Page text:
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Eurasia Tunnel (Istanbul Strait Road Tube Crossing)

First road tunnel construction in the Bosphorus linking Europe and Asia: innovation and international collaboration solve technical challenges.

Only city settled on two continents; the modern-ancient city of Istanbul dates back to 660 BC and is now one of the most populous in the world with over 15 million people. The first road tunnel crossing of the Bosphorus in Turkey will provide an important transportation link between the European and Asian sides of Istanbul, reducing travel time from 100 minutes to 15 minutes. It is part of a 9 mile (14.6 kilometres) highway project.

Boring machine - Eurasia tunnel


Four lanes of roadway will pass in stacked upper and lower decks through 3.3 miles (5.4km) of tunnel. This includes a 45 foot diameter (13.7 metre) bored submarine tunnel over 2 miles (3.4km) long and twin New Austrian Tunnelling Method (NATM) tunnels, each 0.6 miles (1 km). At depths of 330 feet (100m) below the water surface, in sand and gravel, the single pass segmental lining will be required to resist 11 bars of water pressure and large seismic forces. Construction also requires tunnelling through poor quality rock at both the Asian and European sides of the crossing, and mixed-face conditions beneath the Bosphorus. Special attention had to be given to design of the bored tunnel lining segments, gaskets, and bolted connections.

The significant technical challenges faced by the designers and builders are coupled with both obstacles and opportunities brought together by the multinational design and construction teams. The design and construction coordination was accomplished with support by staff in Turkey, Korea, Great Britain, Austria, and the United States. The construction drawings were bilingual, Turkish and English; and the design was required to meet Turkish, European, and American codes.

Eurasia Tunnel


A series of tunnel types, including cut-and-cover, sequential excavation, and bored tunnels, were used to optimize cost and minimize construction time. The combination of tunnel types made the most appropriate use of each different tunnelling technique and allowed multiple faces to be excavated simultaneously. The bored tunnel accounted for approximate 75 percent of the combined length of the tunnel. A stacked roadway structure was designed within a single large bored tunnel to reduce construction and maintenance costs and improve reliability and fire-life safety.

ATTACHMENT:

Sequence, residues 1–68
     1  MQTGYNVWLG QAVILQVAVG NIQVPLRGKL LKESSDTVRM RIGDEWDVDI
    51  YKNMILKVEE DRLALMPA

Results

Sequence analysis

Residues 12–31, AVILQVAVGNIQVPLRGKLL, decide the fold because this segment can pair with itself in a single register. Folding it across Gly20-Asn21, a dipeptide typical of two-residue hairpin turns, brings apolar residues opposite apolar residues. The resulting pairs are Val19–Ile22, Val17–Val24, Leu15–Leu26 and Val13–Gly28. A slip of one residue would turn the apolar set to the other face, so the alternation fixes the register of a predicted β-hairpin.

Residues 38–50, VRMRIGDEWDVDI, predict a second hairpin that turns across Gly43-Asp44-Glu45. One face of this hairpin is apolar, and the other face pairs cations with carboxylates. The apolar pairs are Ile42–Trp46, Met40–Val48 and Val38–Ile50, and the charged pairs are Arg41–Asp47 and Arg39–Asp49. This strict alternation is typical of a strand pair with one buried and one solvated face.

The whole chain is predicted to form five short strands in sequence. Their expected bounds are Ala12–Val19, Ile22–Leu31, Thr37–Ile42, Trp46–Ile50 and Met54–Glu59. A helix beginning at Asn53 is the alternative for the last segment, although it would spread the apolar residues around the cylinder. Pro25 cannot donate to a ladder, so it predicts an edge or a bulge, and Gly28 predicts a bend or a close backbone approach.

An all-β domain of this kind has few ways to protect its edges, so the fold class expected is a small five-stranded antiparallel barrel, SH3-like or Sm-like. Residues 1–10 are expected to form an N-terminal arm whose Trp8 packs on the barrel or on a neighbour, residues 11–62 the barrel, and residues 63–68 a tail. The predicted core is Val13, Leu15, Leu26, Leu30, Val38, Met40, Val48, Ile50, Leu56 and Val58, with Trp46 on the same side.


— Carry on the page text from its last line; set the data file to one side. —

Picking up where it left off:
Two innovative seismic joints designed by Seibu Polymer and NCC from Japan were incorporated into the bored tunnel lining to allow flexibility and accommodate the movements predicted by a rigorous seismic analysis of site specific conditions and structure configuration. The seismic joints were installed with the tunnel boring machine (TBM) and located at the approximate one-third points of the tunnel near the interfaces of the soft marine deposits and rock. A 45 foot (13.7m) diameter Herenknecht mixed-shield slurry TBM was used to mine the tunnel under the Bosphorus without serious difficulties. Sequential excavation (NATM) tunnelling was used for 0.6 miles (1 km) of the twin tunnels, with mined cross passages. Cut-and-cover construction was used at the approaches. 

The design was scheduled and completed on a “just-in-time” basis in support of construction.


The tunnels were successfully constructed without major incidents or interruptions. Currently, we are in the project's final stages: installation of the finishes and roadway decks.

The tunnel is scheduled to open ahead of schedule, on December 20, 2016.

This project has won the 2015 Tunnelling Project of the Year award from the International Tunnelling Association (ITA) and the ENR’s Global Best Project in the Bridge/Tunnel category (2016).


Planning, conceptual design development, preliminary design documents, and detailed design (drawings, specifications, and design reports) for:

  • Tunnel and roadway alignment
  • Tunnel alignment and configuration
  • Mechanical and electrical system design for ventilation, traffic control, and fire and life safety systems
  • Tunnels’ structural design, caverns, excavation support, and tunnel segmental lining design
  • Europe permanent transition structure and permanent stacked structures on European side
  • Transition structures support of excavation design on both sides of TBM tunnel